With the recent reduction in motor vehicle accident benefits, many people are depending heavily on the Family Law Act (FLA) for compensation, Windsor personal injury lawyer Gino Paciocco tells Law Times.
As the article notes, in Part V of the FLA, entitled “Dependant’s claim for damages,” s. 61(1) gives a spouse, including common law spouses, children, grandchildren, parents, grandparents, brothers and sisters of a person injured or killed by the fault or neglect of another the entitlement to recover their pecuniary loss resulting from the injury or death.
“FLA claims are a way to get around accident benefits now that they are minimized, and optional benefits are not pursued,” says Paciocco, partner with Paciocco & Mellow.
“Just about everyone I see has no optional benefits because they are not told about them by brokers, or they don’t want to pay more,” he adds.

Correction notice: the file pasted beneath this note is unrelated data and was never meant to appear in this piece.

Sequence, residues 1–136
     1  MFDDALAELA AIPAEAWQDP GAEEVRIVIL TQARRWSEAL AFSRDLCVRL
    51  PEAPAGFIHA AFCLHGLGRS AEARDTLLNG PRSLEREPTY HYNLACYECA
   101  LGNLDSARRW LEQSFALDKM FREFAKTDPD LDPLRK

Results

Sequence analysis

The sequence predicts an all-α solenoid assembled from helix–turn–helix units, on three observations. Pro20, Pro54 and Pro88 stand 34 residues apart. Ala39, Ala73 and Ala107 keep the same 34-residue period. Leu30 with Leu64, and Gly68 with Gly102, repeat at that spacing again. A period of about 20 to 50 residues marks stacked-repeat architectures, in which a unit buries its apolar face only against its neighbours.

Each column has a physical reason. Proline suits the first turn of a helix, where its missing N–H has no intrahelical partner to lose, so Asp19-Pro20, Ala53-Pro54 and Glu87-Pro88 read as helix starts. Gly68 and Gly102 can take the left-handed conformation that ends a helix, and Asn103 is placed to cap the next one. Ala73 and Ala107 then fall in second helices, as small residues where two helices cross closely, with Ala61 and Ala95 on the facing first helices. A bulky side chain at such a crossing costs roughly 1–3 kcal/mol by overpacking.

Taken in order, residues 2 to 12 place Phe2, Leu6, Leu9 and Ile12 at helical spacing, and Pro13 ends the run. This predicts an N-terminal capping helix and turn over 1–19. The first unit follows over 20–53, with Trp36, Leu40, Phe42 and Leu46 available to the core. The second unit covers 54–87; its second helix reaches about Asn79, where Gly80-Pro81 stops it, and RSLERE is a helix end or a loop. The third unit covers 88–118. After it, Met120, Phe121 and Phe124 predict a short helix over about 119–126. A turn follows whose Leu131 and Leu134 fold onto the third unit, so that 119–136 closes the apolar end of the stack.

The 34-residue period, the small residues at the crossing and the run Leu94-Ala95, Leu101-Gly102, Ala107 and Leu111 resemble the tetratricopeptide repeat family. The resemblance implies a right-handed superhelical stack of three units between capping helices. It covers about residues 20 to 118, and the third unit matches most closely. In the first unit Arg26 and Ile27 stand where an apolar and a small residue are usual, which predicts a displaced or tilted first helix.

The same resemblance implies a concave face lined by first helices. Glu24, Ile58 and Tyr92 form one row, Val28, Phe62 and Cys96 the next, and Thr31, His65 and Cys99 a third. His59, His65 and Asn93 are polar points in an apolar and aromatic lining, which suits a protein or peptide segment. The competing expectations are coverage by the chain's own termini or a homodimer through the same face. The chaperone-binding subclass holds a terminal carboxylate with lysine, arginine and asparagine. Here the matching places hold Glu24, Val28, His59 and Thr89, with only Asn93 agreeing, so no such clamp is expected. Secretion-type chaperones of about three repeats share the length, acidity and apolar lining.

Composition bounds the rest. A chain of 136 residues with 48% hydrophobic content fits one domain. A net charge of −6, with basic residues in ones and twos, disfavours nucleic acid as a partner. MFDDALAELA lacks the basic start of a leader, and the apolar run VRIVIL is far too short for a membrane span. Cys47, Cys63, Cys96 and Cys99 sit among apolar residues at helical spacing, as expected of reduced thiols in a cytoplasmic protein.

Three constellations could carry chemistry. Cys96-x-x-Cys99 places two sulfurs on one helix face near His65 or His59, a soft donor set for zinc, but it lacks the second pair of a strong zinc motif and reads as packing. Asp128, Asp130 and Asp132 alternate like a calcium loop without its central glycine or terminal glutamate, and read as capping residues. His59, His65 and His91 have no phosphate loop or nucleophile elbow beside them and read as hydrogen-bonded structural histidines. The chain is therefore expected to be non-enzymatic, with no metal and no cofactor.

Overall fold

Law Times explains there are two types of claims that can be advanced under the FLA, as outlined in s. 61(2), including pecuniary claims, which are actual expenses reasonably incurred for the benefit of the person injured or killed, such as funeral expenses and a reasonable allowance for the loss of income or the value of nursing or housekeeping services.
There are also non-pecuniary expenses — compensation for the loss of guidance, care and companionship that the claimant might reasonably have expected to receive from the person.
When you present a non-pecuniary claim, says Paciocco, it’s “more of an art than a science. You are not able to prove actual expenses.”
To deter individuals from going forward with minor non-pecuniary claims, the government has also introduced a deductible, says the article.
Paciocco tells Law Times it makes sense the deductible wouldn’t apply to pecuniary losses, where you can calculate the loss of income.